¶204 Because I think that distinction is very important that you made, and here there's an ambiguity in taking a perspective. You can take a perspective in that calculative way.

Daniel: Yes.


¶205 That's different from taking up a perspective in which you care, and you try to see the world from that perspective.

Daniel: [01:29:15]

¶206 This is the danger in teaching people to perspective-take, like, the way rhetoric can do it.

John: Yes.


¶207 Because you can create a very good lawyerly person. Like, what I found is that people who are best at perspective-seeking are either empaths or sociopaths.

John: Yes.


¶208 Right? They're good at perspective-seeking because they really feel what other people feel and they're seeking to, or because they actually don't have any binding to anything real. They can take whatever perspective happens to have utility without caring about a relationship.

John: That's right. Right, right. Yes.


¶209 And so that's the thing one has to really watch out for is the simulation of empathy. And it brings up something. So you were talking about Christianity binding game theory.

John: Yeah.


¶210 I'm not a Christian scholar, so I'm just going to from the outside say, the fact that under — in the name of Jesus Christ, who said “let he who has no sins cast the first stone,” we were able to do the Inquisitions is a really interesting act of mental gymnastics.

John: Yes. Yes.


¶211 And so, I see that wherever there is a relationship to the sacred that is authentic, and it starts to develop the ability to really move people, there's power in that. Then those who are seeking power, seek to capture it.

Iain: Yes.


¶212 And corrupt it.

Iain: Yes.


¶213 And so then all the religions become these mixed bags of an authentic, beautiful thing and the way power ends up capturing them. And if they don't orient to power, then they usually lose in a holy war, their population doesn't become very big, or something like that.

¶214 I would love to hear — so, because there's, how do we have a proliferation of the sacred for which someone will make real sacrifices, and for which whole populations will, that doesn't lose to other populations that don't do that, and that doesn't get captured by power and perverted and distorted?

John: [01:30:56]

¶215 Right. Okay. So first of all, agreed. But I want to say, well, the notion of restraint. Christianity was successful in pretty much keeping it as part of the cultural cognitive grammar that people other than the male citizens were actually persons. It was successful at turning infanticide [from] an accepted practice, into something we find horrific.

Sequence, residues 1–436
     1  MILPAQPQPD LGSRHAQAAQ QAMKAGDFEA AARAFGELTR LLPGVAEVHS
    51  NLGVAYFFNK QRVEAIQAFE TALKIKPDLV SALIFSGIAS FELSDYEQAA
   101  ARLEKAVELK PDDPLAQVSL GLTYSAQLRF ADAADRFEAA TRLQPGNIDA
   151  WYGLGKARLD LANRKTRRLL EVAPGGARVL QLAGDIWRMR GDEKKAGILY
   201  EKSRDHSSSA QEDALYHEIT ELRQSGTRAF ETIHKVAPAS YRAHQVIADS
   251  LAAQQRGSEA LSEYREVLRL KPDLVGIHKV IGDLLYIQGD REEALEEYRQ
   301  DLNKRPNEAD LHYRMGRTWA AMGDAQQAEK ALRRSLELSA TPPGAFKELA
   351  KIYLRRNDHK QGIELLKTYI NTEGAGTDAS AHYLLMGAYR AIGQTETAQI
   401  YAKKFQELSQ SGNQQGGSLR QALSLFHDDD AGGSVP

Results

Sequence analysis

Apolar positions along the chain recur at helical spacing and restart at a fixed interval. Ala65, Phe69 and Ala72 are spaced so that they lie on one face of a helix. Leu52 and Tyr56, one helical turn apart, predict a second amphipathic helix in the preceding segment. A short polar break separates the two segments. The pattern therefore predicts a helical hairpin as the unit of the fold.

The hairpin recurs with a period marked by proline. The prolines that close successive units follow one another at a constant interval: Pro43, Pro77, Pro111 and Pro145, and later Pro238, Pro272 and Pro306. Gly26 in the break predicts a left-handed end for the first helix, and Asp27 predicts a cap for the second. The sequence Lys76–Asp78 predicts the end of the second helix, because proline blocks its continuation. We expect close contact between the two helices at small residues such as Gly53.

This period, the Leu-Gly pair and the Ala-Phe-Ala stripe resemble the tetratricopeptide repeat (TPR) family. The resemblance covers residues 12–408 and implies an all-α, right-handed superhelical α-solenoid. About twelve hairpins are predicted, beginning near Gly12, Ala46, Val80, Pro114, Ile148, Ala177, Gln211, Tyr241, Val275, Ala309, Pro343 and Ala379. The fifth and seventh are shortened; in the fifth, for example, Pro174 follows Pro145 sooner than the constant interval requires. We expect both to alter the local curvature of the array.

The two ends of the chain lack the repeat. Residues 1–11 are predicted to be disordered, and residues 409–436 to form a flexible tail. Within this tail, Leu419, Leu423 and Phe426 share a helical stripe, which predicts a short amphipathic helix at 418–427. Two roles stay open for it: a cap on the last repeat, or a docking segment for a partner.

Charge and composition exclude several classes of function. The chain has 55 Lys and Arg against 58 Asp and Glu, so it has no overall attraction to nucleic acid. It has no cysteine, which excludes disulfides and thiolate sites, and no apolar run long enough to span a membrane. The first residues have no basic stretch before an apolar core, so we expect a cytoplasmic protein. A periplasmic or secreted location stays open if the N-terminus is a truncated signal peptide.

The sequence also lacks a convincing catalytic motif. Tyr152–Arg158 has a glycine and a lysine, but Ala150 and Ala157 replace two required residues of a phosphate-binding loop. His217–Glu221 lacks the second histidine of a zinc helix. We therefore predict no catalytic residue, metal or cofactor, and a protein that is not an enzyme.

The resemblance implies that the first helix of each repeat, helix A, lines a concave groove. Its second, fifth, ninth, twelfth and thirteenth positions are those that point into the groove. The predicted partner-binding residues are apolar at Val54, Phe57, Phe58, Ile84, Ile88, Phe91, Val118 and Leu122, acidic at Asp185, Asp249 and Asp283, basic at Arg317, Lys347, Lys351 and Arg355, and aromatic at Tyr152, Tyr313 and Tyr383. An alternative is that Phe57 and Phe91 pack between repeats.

¶216 So, yes, I'm not saying that, you know, the power structures came in, but there were, there was also enough — I mean, we didn't — we are running on the fumes of the Christian sacred canopy. And it's been what has been still keeping some restraints on this otherwise Molochian machine that's running. And I want to — what I'm trying to say is — I want to give us a sense of hope about this — that it's not, the sacred emerges, and then it gets consumed. The sacred emerges, there is the pull to push back, there's the reframing, there's the power consumption.

¶217 But some of the underlying cultural cognitive grammar has been fundamentally changed. We haven't gone back to the Bronze Age. We're still post-Axial. We haven't gone back to the pre-Christian age. We're — right? That's not what happened. And so, I'm saying — I'm not denying that, right? I'm not denying that there's the threat. But what I'm saying is, that if we could be more clear about what gets preserved across the — I don't know what to call it — the re-entrenchment of the power dynamics, and could we more better this time focus our attentions there, focus our cultural and even our political commitments. We could perhaps do it better this time.

More around hemispheres, master and emissary

Daniel: [01:32:58]

¶218 I mean, I think we must. This is exactly, it brings up the question I wanted to ask you is, in the parable that you told of the master and emissary, I might argue that the responsibility for the failure of that civilization or tribe, whatever you want to call it, was the master’s, not the emissary’s, because the master obviously misassessed.


¶219 The master would probably have agreed with you.

John: Yes.


¶220 And so rather than say, the master was wise and the emissary wasn't, and so he did a Dunning-Kruger thing and messed it all up, the master was missing a certain kind of wisdom in his assessment of the actual realistic capabilities of the emissary. There was some stuff in his noticing the whole that he wasn't noticing that was really critical for him to ultimately still hold responsibility.

¶221 So there's an uptick in the master capability that could have kept that relationship right, so there's something about needing to be power-literate, to be able to keep power from corrupting a relationship with the sacred.

Iain: [01:33:59]